This week Mellanox announced that its end-to-end FDR InfiniBand technology is powering the Stampede supercomputer at the TACC. As the most powerful supercomputing system in the NSF XSEDE program, the 10 Petaflop Stampede system integrates thousands of Dell servers and Intel Xeon Phi coprocessors with Mellanox FDR 56Gb/s InfiniBand SwitchX based switches and ConnectX-3 adapter cards.
The InfiniBand network was easy to deploy and delivers incredible application performance on a consistent basis,” said Tommy Minyard , director of Advanced Computing Systems, TACC. “Utilizing Mellanox FDR 56Gb/s InfiniBand provides us with extremely scalable, high performance — a critical element as Stampede is designed to support hundreds of computationally- and data-intensive science applications from around the United States and the world.”
Stampede supports national scientific research into weather forecasting, climate modeling, drug discovery and energy exploration and production. Read the Full Story.
Our Video Sunday feature continues with this time-lapse movie of the construction of NCSA’s Blue Waters supercomputer and the National Petascale Computing Facility. NCSA launched Blue Waters this week in an official dedication ceremony.
The 683,000-pound computer has a sustained speed of more than 1 petaflop and is capable of performing more than 1 quadrillion calculations per second. It is built with more than 235 Cray XE6 cabinets and more than 30 cabinets of the Cray XK6 supercomputer with NVIDIA Tesla GPU computing capability, all housed in the National Petascale Computing Facility off Oak Street in Champaign.
The book benefits software engineers, scientific researchers, and high performance and supercomputing developers in need of high-performance computing resources, by:
Providing a guide to exploiting the parallel power of the Intel Xeon Phi coprocessor for high-performance computing
Presenting best practices for portable, high-performance computing and a familiar and proven threaded, scalar-vector programming model
Including simple but informative code examples that explain the unique aspects of this new highly parallel and high performance computational product
Covering wide vectors, many cores, many threads and high bandwidth cache/memory architecture
I got my hands on a preliminary copy of the book back in November at SC12, and I can tell you that Jim and James did a great job.
The book release coincides with the formal dedication of the Stampede supercomputer at the Texas Advanced Computing Center in Austin. Stampede is currently ranked number seven on TOP500, with over 6400 Intel Xeon Phi coprocessors. Jeffers and Reinders have today committed several hundred books to support TACC’s training efforts for Stampede.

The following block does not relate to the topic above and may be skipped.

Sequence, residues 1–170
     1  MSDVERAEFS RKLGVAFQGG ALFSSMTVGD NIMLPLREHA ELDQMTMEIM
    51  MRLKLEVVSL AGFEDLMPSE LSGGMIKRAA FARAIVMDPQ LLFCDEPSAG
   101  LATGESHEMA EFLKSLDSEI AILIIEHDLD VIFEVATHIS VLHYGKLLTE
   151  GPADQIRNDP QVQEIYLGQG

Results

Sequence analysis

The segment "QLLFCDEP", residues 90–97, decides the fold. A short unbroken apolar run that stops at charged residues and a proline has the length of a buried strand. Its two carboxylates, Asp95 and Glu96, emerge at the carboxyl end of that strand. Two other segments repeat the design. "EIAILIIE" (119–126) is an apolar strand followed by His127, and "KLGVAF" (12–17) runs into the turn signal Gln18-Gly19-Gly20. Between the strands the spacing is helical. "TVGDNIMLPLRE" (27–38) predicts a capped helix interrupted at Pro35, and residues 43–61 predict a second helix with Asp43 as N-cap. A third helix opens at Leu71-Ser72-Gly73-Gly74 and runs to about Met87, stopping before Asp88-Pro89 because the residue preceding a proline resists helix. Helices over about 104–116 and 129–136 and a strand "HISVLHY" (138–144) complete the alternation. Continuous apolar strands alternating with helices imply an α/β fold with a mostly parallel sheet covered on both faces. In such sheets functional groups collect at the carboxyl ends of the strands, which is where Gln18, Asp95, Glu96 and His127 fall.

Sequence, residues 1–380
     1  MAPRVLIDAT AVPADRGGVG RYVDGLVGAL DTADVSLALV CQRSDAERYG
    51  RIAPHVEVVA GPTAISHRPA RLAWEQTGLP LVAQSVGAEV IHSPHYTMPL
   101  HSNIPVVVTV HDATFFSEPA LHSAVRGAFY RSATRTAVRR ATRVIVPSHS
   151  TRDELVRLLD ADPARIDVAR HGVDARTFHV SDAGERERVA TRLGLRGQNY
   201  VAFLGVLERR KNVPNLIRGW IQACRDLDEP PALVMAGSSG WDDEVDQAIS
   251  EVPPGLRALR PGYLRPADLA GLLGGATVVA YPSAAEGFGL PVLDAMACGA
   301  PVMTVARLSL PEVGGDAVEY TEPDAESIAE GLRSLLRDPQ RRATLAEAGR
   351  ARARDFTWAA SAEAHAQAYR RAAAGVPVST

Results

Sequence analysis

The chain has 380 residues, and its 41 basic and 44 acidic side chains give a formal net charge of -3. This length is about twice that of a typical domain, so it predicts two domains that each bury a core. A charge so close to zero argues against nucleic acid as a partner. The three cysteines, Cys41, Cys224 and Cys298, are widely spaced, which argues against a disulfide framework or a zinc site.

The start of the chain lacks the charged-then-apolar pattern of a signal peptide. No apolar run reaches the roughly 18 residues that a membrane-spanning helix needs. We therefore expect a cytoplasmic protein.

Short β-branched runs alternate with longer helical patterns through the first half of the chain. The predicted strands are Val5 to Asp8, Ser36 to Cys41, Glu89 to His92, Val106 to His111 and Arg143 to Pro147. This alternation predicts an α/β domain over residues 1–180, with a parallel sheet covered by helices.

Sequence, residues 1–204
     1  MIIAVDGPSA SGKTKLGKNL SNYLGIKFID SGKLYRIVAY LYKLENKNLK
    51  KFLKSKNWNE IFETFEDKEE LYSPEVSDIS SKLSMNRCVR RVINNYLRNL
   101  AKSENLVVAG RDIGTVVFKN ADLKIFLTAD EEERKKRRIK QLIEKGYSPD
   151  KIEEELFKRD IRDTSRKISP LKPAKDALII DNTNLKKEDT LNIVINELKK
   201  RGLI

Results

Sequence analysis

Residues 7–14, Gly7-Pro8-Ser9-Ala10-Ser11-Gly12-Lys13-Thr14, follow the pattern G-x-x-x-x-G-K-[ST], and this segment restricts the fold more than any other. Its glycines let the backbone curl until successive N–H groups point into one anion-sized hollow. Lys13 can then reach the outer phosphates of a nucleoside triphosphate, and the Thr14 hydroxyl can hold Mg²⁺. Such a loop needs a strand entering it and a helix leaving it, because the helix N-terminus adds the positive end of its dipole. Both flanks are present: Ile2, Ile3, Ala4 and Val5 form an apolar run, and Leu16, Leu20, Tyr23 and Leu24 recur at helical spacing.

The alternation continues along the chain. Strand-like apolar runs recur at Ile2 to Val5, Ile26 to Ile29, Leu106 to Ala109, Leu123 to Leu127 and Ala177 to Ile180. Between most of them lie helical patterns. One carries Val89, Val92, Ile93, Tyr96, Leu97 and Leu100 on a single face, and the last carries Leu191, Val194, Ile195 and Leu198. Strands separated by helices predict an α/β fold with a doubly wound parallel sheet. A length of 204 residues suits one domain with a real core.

In this time-lapse video, the Mira supercomputer is assembled at Argonne National Laboratory. With an amazing 1048 nodes per rack, the 10 Petaflop IBM Blue Gene/Q system was reportedly brought up and running production codes in record time.
This week SGI announced that Total has selected the SGI ICE X technology for its new 2.3 Petaflop Pangea supercomputer. In what is described as the largest commercial HPC system in the world, Pangea will give Total’s in-house engineers and geologists an extremely powerful tool to enable the application of analytical and numerical models that support the development of three dimensional visualizations of underground geological formations, key to identifying potential deposits of oil and gas and to determining optimal extraction methods.
Total is committed to leveraging technological innovation and high performance computing to provide the best response to growing global energy demand,” said Philippe Malzac, CIO Exploration and Production for Total. “The efficiency of the SGI ICE X system, which represents high computational power using a minimal amount of energy, gives Total the smallest footprint and lowest TCO possible. This was a key factor in our selection of SGI ICE X for the Pangea system.”
To maximize energy efficiency, Total selected an innovative water-cooled SGI ICE X solution based on its M-Cell design. M-Cells utilize closed-loop airflow and warm-water cooling to create embedded hot-aisle containment, thereby lowering overall cooling requirements and significantly reducing overall energy consumption as compared to traditional HPC designs. The 2.3 PFlop system is based on the Intel Xeon E5-2670 processor that consists of 110,592 cores and contains 442 terabytes of memory. The data management solution for seven petabytes of storage includes SGI InfiniteStorage 17000 disk arrays, SGI DMF tiered storage virtualization, and a Lustre file system integrated by SGI professional services.
The Navy DoD Supercomputing Resource Center (DSRC) recently added three new IBM iDataPlex supercomputers to its operations. Located at the John C. Stennis Space Center in Mississippi, all three machines are named after NASA astronauts who have served in the Navy. At a dedication ceremony in February, one of those computers was dedicated in honor of naval aviator and Apollo 13 astronaut Fred Haise, who attended the ceremony. The other two IBM systems are named for retired Navy Cmdr. Susan Still Kilrain, a naval aviator and space shuttle pilot, and retired Navy Capt. Eugene Cernan, a naval aviator and the last man to stepfoot on the moon.